A Sacramento Superior Court jury awarded more than $2.4 million in damages Monday to the husband and son of a woman who was run over and killed nearly five years ago by a Sacramento Regional Transit bus.
The jury voted 9-3 that the bus struck Joyce Ann Jacobs while she was in a crosswalk at 6:25 p.m. on Jan. 9, 2008.
The outcome of the case hinged on whether the 49-year-old woman was inside the lines of the crosswalk when she was hit by the out-of-service bus making a left-hand turn from eastbound Q Street to northbound Eighth Street.
"I'm just so glad it turned out it was proven that she was in the crosswalk," said her husband, John Jacobs, a pastor at the New Covenant Ministries Worship Center at Fourth and Broadway.
Jurors awarded Jacobs $2 million in noneconomic damages for the loss of of his wife's love and consortium. It gave him another $381,789.11 in economic damages for her past and future financial support and household services. The jury awarded another $30,000 to the Jacobs' son, Anthony, for a total award of $2,411,789.11.
"Clearly we're happy that the Jacobs family got a verdict that establishes that their mother didn't do anything wrong," said plaintiffs' lawyer Steve Campora. "I'm disappointed a little bit with the jury's view of the relationship in the amount they awarded Anthony, but clearly the conduct of Joyce Jacobs was vindicated in the accusations made against her with regard to her negligence in crossing in the middle of the street."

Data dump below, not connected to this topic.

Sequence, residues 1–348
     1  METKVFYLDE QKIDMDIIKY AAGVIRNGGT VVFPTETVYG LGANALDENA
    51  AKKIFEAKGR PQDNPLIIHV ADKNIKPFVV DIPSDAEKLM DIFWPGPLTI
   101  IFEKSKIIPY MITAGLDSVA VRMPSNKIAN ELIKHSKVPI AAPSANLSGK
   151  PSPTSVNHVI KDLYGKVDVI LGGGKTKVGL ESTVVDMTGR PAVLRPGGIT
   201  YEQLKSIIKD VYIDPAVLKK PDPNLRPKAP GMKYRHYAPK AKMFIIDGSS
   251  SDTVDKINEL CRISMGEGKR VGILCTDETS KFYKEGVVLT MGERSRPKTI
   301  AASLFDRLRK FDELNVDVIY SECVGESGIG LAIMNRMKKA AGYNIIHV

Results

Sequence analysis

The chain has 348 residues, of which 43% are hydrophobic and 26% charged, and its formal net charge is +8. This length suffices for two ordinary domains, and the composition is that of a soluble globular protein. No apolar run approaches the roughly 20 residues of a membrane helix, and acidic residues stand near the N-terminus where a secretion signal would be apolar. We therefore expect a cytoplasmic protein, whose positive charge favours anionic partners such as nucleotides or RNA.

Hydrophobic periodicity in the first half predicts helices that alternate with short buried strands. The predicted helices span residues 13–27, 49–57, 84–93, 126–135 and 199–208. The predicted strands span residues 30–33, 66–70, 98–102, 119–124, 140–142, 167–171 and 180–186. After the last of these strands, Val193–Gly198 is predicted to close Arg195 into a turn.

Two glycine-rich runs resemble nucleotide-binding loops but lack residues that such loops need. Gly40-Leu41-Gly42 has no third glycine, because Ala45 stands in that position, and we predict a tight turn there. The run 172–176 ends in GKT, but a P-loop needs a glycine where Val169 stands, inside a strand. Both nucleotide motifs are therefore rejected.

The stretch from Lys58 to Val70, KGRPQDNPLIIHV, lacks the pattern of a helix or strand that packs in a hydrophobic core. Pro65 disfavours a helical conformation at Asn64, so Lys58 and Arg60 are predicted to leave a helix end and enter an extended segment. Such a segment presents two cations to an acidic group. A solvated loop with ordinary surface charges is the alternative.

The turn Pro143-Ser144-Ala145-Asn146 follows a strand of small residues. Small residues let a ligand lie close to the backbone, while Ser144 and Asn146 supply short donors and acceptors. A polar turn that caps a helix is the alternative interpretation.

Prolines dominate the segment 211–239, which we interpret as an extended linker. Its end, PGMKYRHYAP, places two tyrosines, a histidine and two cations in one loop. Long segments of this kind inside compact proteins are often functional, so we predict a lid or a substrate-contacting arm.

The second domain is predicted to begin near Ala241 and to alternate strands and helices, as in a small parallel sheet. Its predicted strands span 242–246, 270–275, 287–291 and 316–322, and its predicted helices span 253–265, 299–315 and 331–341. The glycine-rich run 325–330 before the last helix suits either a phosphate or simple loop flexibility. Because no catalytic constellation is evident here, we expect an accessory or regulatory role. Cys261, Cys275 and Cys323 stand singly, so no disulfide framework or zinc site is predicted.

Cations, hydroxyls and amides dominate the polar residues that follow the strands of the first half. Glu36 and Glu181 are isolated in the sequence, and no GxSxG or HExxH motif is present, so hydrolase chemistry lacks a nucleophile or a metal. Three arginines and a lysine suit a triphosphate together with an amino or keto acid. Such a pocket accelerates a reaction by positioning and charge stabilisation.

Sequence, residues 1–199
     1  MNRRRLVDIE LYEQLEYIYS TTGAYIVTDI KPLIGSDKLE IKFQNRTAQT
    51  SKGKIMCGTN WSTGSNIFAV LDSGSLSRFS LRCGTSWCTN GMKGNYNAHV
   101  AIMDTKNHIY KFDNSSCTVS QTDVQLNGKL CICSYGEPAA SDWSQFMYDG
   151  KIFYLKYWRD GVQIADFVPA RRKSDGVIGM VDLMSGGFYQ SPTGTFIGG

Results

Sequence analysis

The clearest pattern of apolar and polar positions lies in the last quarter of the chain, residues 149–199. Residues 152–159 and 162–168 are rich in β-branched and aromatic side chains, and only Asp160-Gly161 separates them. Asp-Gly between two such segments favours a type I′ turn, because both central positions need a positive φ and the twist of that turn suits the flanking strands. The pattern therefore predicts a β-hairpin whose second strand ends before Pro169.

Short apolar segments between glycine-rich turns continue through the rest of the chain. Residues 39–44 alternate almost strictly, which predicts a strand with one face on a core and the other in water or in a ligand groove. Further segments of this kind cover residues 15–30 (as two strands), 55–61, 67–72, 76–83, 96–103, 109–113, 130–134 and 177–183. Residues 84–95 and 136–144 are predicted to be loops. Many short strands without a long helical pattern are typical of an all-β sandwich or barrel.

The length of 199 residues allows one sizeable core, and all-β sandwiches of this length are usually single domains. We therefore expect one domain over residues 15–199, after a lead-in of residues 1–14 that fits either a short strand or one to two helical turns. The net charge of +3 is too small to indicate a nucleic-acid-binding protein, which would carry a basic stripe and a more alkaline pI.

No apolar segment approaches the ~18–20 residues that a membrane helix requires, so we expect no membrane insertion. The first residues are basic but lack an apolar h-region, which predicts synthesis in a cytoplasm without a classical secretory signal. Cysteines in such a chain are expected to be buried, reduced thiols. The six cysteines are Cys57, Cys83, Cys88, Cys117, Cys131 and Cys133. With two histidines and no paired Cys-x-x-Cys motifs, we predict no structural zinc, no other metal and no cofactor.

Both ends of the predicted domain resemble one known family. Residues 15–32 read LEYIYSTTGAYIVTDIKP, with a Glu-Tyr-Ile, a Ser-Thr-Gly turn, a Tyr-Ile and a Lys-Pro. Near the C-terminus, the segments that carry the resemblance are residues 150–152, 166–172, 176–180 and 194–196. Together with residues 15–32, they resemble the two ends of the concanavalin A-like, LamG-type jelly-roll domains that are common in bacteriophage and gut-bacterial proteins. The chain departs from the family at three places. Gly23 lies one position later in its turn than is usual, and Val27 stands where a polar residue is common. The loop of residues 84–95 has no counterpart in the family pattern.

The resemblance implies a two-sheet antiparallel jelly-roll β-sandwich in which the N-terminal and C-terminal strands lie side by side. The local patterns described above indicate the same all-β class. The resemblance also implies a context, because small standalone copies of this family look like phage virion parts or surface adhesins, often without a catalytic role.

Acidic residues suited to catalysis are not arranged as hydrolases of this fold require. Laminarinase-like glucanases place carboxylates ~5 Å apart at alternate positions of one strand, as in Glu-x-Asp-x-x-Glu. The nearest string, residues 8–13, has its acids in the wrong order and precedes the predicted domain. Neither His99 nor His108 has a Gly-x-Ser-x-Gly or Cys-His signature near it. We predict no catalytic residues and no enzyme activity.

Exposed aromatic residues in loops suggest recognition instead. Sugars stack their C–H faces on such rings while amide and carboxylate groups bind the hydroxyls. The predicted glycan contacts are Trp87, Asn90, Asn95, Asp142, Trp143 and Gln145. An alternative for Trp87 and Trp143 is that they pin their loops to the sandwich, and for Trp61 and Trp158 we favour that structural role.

Lead plaintiffs' lawyer Robert Buccola had asked the jury for $9.75 million, and the attorneys on the RT defense team seemed relieved after the verdict that the award was only about one-fourth of what the Jacobs family sought.
"We knew this was a tough case, but from the beginning, we felt there were some facts that shed some significant doubt whether she was in the crosswalk," said defense attorney Timothy S. Spangler, RT's in-house attorney. "As stewards of the public's money, we felt we needed to get those issues in front of the jury. With the 9-3 vote, it's obvious the jury struggled with some issues."
One juror who was interviewed after the verdicts were announced Monday said the deliberations were "quite a battle."
"Nobody agreed on the economic damages, the future damages, the past damages," said Carmelo Tirado, a supervisor with Honeywell International. "We had to go through each charge, go through the whole trial, see what was credible."
Tirado said RT's actions in the moments after the crash, especially on the part of the driver, swayed the panel to vote 9-3 against the transit agency.
"RT did drop the ball," Tirado said.
The single factor that led jurors to find the agency at fault was a decision by the bus driver to call RT instead of 911 in the first moments after the accident, Tirado said. As a result of the delay in calling 911, Sacramento police were not able to come across a "clean" scene when their investigators finally responded to the site of the accident, Tirado said.
"The cops should have been there to seal off the scene, so not everybody was trampling all over the place," he said. "Right then and there, we found against RT."
As for the damages, Tirado said the panel majority believed that "$9 million was just a little too much."